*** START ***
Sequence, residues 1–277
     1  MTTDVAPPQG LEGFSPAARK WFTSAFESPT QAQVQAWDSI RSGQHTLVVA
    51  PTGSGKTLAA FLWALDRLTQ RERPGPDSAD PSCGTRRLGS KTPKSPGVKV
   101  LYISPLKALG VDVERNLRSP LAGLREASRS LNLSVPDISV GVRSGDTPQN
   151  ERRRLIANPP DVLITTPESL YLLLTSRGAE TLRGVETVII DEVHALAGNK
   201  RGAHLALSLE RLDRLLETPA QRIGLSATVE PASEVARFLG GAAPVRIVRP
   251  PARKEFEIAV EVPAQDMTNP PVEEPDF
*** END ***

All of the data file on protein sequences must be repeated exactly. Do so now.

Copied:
Sequence, residues 1–277
     1  MTTDVAPPQG LEGFSPAARK WFTSAFESPT QAQVQAWDSI RSGQHTLVVA
    51  PTGSGKTLAA FLWALDRLTQ RERPGPDSAD PSCGTRRLGS KTPKSPGVKV
   101  LYISPLKALG VDVERNLRSP LAGLREASRS LNLSVPDISV GVRSGDTPQN
   151  ERRRLIANPP DVLITTPESL YLLLTSRGAE TLRGVETVII DEVHALAGNK
   201  RGAHLALSLE RLDRLLETPA QRIGLSATVE PASEVARFLG GAAPVRIVRP
   251  PARKEFEIAV EVPAQDMTNP PVEEPDF